“There won’t be a long discussion”. So said an anonymous French diplomat, prior to the Brussels summit dinner on Thursday night, where David Cameron apparently began to renegotiate UK’s European Union membership. The British Prime Minister will have time only to set out his proposals “in a general way”, observed a German official before the meal, adopting an almost equally withering tone.
There seems little appetite among EU governments for the UK to reconstitute our relationship with the other 27 member states and then hold an in/out referendum. That lack of appeal may even extend to Number 10 itself – given that the Conservatives’ manifesto pledge was made under pre-election duress, to try to win back Tory voters attracted to Ukip.
The Prime Minister’s referendum promise also contained a rhetorical loophole, only applying if he was heading a majority Conservative government. Now that has, rather unexpectedly, come to pass – albeit with a wafer-thin 12-seat margin – the Tory leadership finds itself having to deliver on its word. Failure to do so would surely spark the mother of all backbench rebellions and a slew of ministerial resignations to boot.
Without the Liberal Democrats to blame for stalling, then, an EU referendum by the end of 2017 is a commitment the Government simply cannot avoid. I welcome that, as regular readers will know. While strongly opposing single currency membership for my entire adult life, when it comes to the EU I’m still “negotiate then decide”.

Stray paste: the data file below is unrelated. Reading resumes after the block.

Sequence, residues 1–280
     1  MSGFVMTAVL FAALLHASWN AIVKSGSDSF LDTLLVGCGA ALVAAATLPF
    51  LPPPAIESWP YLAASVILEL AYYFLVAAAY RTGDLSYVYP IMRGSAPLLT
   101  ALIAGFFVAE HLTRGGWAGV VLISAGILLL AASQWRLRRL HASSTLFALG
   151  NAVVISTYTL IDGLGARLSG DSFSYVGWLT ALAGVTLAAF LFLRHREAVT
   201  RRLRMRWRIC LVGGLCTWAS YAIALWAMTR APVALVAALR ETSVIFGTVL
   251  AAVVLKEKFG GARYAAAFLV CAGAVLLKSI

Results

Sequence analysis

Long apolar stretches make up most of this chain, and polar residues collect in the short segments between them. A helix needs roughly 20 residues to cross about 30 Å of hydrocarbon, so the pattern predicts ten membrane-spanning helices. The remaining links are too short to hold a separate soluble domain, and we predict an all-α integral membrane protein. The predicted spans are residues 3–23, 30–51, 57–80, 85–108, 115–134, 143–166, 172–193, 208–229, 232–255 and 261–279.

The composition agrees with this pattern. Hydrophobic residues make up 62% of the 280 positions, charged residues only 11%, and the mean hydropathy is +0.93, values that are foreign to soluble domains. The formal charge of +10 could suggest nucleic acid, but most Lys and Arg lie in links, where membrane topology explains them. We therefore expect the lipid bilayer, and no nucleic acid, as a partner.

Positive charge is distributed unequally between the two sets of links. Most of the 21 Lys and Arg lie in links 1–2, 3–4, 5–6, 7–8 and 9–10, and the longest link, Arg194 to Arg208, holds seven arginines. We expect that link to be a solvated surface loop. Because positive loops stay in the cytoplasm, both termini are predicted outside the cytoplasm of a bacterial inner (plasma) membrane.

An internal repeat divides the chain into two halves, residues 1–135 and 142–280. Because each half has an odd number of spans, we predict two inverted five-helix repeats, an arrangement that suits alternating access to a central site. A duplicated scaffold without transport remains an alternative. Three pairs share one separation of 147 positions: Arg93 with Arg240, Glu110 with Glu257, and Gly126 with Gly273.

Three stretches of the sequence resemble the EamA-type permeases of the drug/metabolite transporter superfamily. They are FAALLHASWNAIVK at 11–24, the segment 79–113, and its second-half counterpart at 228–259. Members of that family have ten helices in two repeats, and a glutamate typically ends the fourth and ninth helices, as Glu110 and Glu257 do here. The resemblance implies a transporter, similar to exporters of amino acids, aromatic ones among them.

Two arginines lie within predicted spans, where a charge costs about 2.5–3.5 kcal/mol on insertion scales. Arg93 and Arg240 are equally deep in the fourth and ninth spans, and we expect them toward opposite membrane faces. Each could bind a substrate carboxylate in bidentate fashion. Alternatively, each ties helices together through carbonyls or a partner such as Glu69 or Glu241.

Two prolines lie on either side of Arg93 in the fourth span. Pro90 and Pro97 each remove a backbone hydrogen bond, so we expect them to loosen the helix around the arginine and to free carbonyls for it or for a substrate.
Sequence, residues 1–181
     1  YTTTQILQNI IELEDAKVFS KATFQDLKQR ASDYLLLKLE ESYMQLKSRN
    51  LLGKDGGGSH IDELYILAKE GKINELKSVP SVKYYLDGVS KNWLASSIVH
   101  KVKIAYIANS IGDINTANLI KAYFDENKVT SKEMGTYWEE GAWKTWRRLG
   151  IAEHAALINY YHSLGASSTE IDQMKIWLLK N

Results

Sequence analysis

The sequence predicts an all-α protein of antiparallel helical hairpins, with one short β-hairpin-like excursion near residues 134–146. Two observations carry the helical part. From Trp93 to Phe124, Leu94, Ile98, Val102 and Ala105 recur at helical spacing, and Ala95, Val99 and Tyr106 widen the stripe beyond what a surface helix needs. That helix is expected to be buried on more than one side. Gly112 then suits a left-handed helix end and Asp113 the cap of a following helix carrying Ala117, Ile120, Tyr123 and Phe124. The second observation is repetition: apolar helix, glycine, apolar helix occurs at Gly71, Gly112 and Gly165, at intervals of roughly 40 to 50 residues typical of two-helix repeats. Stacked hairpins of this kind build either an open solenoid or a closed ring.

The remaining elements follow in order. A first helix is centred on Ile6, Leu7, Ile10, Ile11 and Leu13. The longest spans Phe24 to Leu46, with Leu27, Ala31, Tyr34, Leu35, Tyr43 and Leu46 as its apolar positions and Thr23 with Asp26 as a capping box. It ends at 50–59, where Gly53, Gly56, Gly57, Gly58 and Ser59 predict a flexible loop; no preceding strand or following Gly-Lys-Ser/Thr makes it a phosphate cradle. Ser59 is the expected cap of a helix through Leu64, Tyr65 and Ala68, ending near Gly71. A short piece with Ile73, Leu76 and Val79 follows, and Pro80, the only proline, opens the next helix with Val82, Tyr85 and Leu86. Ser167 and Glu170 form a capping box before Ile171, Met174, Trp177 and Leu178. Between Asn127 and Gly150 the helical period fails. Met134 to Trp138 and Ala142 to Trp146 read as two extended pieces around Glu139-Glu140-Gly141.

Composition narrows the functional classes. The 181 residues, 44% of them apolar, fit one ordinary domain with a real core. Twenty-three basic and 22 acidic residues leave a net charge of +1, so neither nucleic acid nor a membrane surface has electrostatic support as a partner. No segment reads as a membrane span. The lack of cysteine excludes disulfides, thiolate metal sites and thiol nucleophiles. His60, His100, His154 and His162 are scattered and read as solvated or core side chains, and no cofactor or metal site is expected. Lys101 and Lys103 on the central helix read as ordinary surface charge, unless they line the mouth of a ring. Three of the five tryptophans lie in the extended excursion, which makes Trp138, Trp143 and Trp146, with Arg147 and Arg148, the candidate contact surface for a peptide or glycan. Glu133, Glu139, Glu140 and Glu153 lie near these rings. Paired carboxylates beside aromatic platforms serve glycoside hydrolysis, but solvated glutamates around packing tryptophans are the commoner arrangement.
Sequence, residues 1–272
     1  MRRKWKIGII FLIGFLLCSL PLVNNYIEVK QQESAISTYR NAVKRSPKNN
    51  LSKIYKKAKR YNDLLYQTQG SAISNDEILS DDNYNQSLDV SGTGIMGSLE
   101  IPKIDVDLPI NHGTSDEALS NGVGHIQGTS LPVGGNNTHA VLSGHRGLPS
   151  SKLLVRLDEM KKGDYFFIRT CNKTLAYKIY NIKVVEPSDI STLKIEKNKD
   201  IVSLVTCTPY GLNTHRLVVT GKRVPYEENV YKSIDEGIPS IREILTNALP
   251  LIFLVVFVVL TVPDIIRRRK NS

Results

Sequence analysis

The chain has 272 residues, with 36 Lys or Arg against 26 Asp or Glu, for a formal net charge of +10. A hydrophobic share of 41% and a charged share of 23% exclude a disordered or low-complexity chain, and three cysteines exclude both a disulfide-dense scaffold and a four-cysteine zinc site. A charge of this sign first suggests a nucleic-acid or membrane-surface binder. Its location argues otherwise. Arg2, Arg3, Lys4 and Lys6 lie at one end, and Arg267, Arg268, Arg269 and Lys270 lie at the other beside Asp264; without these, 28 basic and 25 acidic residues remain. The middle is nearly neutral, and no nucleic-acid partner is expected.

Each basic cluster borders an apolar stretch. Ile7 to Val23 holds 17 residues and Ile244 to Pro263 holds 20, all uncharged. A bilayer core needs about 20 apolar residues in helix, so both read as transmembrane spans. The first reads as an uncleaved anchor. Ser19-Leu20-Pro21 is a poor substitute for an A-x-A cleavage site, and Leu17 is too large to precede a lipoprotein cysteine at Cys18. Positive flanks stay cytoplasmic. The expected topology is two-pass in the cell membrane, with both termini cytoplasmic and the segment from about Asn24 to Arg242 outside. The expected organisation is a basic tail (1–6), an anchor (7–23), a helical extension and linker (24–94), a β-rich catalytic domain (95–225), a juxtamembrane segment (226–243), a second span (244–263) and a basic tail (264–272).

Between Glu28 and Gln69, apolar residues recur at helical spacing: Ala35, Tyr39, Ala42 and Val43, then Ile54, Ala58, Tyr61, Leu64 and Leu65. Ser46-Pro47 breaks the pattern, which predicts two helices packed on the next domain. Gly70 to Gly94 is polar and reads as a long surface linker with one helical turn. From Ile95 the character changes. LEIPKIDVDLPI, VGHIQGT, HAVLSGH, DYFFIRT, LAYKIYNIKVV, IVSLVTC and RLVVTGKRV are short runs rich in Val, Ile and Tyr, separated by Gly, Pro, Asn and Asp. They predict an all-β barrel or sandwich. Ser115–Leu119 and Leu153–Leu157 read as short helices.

Cameron seems to hold a different view. The Prime Minister’s position appears to be to negotiate, sort of – just enough to make it look convincing – and then, whatever the outcome of that negotiation, campaign for the British public to vote to stay in. Just as the referendum pledge itself was an exercise in political positioning, so is the upcoming negotiation – with Cameron determined to do everything he can to avoid upsetting other EU governments.
Saying now that the Prime Minister wants to vote “yes” is a bad tactic, of course. Any negotiation will go badly, unless you’re prepared to walk away, or can convincingly pretend you are – as anyone with serious business experience knows. The Tory leadership’s approach also reflects a misreading of the political mood across Europe – not in the ministries and the smart multilingual political salons, but among ordinary voters, the great unwashed, the mood on the street. And this is the mood, after all, the view of the broad electorate, to which mainstream continental politicians will ultimately have to bend.
The Prime Minister is actually in a far stronger negotiating position than he appears to understand. He has a unique opportunity, in fact, to shape that continental mood. The European project, an elite project, a project that stretches the bounds of democratic acceptability, is now seriously stretching voters’ patience. The European Commission is bloated, ridiculously expensive and almost comically remote – and widely seen as such. In many member states, concerns about “the free movement of people” and “ever closer union” are spiraling, not least as the Mediterranean migrant crisis intensifies and the single currency spreads misery and woe.
Across the Continent, not only in smaller “protestant” Northern members like Finland, Holland and Sweden, but even in the large “core” economies, scepticism towards “Europe” is on the up. Anti-EU parties made strong gains in Italian local elections a few weeks ago, with the Five Star Movement and Northern League taking a third of the vote between them. The anti-immigrant Danish People’s Party, standing in one of the world’s most liberal countries, just took second-place.